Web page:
Turning Stone’s Fly Fishing guides offer waded fly fishing trips on many different streams, rivers, and creeks across western North Carolina.
The areas we fish vary from dense Rhododendron forests with small tributaries meandering about that are filled with tiny wild brook trout, to large rivers that are rough and tumbling that hold enormous, wild brown trout. We also frequently fish areas that are stocked with massive fish that increase your odds of catching a monster.
We mainly guide wade trips on 3 different rivers, but we sometimes go off the beaten path based on the experience of the angler, and the current conditions.
Under “Where We Fish” is a rundown of the rivers and areas we frequently fish. Click on the name for even more details about each area’s unique benefits, beauty, fish varieties available, and challenges.
Here's a quick rundown of a few of our sites.
Big Snowbird Creek has a large population of wild and stocked fish. One of the stretches we fish the most is under delayed harvest regulations from the 1st of October through the 1st Saturday in June every year. At that time it is "catch and release" single hook artificial only. It also has a run of steelhead and houses a large population of brook trout way up high in the system.
This stretch of water is located in Graham County, which is one of the more remote parts of western North Carolina. It is located near the towns of Murphy, Hayesville, Andrews, Topton, Franklin, Bryson City, Robinsville, Cherokee, and Whittier. The close counties to the Nantahala River are Clay, Macon, Jackson, Swain, and Graham counties.
The Chattooga River is near the town of Highlands. It’s a remote stretch of river and is truly one of the most scenic rivers in North Carolina and North Georgia.
This river provides an angler with the opportunity to catch very large wild browns.
We try to keep the fishing pressure during the summer to a minimum so we typically only guide here during the winter. This stream is only for experienced anglers. This is the closest river to Clayton, Georgia.
The Cullasaja River doesn’t receive as much fishing pressure but has a good population of wild rainbow trout and a decent number of wild brown trout.
This is definitely one of the most beautiful rivers we have.
The Cullasaja River has several waterfalls that definitely make it worth a visit. You’ll enjoy this stream and the immense beauty that surrounds it.
Most of the stream runs inside a gorge with stone walls that surround you. We tend to guide on this mostly in the winter as it gets warm throughout the summer. This is conveniently located near Sylva, Franklin, Highlands, Cashiers, and Waynesville. It is close to Macon, Haywood, and Jackson counties.
The Nantahala River is an excellent classroom for beginners. There are 2 main sections of the river. These 2 sections are separated by a power plant. Above the power plant there are numerous stocked fish at certain times of the year, and a plentiful amount of wild fish year round. At the powerhouse, a large pipe brings water down from Lake Nantahala. The water comes from the bottom of the lake which makes it very chilly year round.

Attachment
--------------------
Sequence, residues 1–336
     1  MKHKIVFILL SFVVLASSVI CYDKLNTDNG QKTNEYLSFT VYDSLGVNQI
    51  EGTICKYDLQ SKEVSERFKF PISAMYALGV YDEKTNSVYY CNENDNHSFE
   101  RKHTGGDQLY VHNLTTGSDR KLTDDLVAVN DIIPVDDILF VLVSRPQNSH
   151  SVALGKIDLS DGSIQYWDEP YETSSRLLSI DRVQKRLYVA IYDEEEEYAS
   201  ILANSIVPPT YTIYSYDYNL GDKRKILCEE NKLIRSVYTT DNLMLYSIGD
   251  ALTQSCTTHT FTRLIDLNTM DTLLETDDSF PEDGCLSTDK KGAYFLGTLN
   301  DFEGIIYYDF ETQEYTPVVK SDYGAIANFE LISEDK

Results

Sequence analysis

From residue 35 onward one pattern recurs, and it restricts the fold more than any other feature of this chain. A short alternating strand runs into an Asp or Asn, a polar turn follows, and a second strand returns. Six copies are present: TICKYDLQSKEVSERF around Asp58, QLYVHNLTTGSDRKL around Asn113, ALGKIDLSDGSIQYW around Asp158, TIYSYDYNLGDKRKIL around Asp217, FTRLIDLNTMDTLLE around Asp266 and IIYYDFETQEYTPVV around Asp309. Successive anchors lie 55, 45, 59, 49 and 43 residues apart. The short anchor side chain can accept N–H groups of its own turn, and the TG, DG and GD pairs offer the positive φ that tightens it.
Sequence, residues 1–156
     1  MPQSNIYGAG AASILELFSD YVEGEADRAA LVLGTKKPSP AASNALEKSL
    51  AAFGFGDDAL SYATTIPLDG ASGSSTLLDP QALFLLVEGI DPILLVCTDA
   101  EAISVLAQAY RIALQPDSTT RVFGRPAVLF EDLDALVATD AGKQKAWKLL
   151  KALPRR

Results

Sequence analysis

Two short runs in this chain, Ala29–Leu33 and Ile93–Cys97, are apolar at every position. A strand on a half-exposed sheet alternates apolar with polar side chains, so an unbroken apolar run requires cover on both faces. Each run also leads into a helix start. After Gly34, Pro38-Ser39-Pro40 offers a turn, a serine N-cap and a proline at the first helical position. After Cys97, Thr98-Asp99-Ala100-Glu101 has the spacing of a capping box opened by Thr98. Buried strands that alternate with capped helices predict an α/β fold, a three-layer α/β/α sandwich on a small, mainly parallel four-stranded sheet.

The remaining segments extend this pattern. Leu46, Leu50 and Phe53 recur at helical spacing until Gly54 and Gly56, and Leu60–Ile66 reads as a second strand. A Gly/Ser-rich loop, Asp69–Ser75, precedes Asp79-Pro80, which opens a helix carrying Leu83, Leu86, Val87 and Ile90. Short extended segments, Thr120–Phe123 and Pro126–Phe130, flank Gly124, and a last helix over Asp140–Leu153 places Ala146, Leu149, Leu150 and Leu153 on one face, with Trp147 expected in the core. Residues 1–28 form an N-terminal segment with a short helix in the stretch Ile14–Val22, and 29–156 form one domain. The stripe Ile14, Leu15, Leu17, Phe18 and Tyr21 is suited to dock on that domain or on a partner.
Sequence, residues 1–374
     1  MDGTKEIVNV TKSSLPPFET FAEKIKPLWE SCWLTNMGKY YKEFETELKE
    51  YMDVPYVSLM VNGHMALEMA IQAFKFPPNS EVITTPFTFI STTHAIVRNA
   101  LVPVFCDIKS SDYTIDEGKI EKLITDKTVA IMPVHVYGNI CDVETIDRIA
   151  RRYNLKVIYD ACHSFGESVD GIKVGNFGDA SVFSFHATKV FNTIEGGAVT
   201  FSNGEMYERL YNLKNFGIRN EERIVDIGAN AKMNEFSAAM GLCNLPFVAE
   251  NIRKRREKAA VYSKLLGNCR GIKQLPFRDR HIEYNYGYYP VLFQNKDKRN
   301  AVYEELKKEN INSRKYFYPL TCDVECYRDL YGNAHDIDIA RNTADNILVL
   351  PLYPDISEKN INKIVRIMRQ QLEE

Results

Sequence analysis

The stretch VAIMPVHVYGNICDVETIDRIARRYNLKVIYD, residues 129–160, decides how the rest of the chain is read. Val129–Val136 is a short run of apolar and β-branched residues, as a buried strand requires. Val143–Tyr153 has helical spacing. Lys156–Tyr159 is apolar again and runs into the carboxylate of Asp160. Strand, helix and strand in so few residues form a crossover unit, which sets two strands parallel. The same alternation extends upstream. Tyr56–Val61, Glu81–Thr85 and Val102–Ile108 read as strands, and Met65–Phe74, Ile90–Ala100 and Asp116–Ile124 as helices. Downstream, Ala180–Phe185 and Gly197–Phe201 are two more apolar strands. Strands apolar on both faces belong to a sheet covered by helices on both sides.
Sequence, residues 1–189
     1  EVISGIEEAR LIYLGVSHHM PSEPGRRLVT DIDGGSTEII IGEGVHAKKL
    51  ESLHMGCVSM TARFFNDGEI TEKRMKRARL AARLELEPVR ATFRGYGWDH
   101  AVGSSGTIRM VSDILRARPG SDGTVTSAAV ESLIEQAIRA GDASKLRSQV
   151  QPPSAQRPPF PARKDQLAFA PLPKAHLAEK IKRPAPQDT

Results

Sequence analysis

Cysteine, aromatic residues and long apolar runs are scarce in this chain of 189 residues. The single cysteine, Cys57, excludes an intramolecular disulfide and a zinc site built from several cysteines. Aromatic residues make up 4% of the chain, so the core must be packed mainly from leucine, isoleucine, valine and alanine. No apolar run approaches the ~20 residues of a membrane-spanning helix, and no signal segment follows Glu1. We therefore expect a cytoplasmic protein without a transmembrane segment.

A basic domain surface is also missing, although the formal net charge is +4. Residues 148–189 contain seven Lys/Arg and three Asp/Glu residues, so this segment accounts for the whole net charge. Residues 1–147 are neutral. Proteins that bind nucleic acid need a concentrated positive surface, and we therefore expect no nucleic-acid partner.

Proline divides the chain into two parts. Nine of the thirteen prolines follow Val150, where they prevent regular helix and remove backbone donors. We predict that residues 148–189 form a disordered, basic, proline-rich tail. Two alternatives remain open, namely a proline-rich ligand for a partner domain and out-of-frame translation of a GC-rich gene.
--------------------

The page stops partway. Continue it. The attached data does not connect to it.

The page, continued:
Below the powerhouse, many rafters and kayakers spend time on the river. This stretch of river also has some of the best brown trout in the east. The Nantahala tailwater is also loaded with wild rainbows, which are some of the prettiest fish in western North Carolina.
While fishing here you will enjoy being surrounded by the steep mountain terrain of the Nantahala Gorge. It is a wonderful setting and one of the prettiest rivers that we fish.
It is located near the towns of Murphy, Hayesville, Andrews, Topton, Franklin, Bryson City, Robinsville, Cherokee, and Whittier. The close counties to the Nantahala River are Clay, Macon, Jackson, Swain, and Graham counties.
This area flows directly out of the Great Smoky Mountain National Park and is partially on the Cherokee Indian Reservation. This stretch of river is stocked with massive numbers of fish. Most of the fish stocked in the fly fishing only section are monsters.
This is an absolute must for a fly fisherman who likes to have a chance at giant fish.
This river doesn’t require a North Carolina fishing license, but requires a Cherokee tribal trout license. This is convenient to Jackson, Macon, Haywood, and Swain Counties.
The Tuckasegee River is commonly fished between the town of Dillsboro and Sylva in Jackson County, North Carolina. This is big water with lots of stocked fish.
Anglers have the chance at catching lots of fish, and there are big fish spread throughout.
This river is often called “The Tuck.” It is located near Western Carolina University and is convenient to Highlands, Cashiers, Waynesville, Sylva, Maggie Valley, and Dillsboro. This is a classic southern trout tailwater.
We also fish lots of streams that are small and off the beaten path.
To reduce fishing pressure, we don’t disclose the names of these areas.
This provides anglers with a secluded day on a small stream with little foot traffic. These are found throughout western North Carolina.
The West Fork of the Pigeon River headwaters flows from scenic Mount Hardy, NC, just off the Blue Ridge Parkway. You will find every type of trout in this river, including brook, browns, and rainbows.
While this section is hatchery supported and stocked often, you will still find plenty of wild brown, rainbow, and brook trout.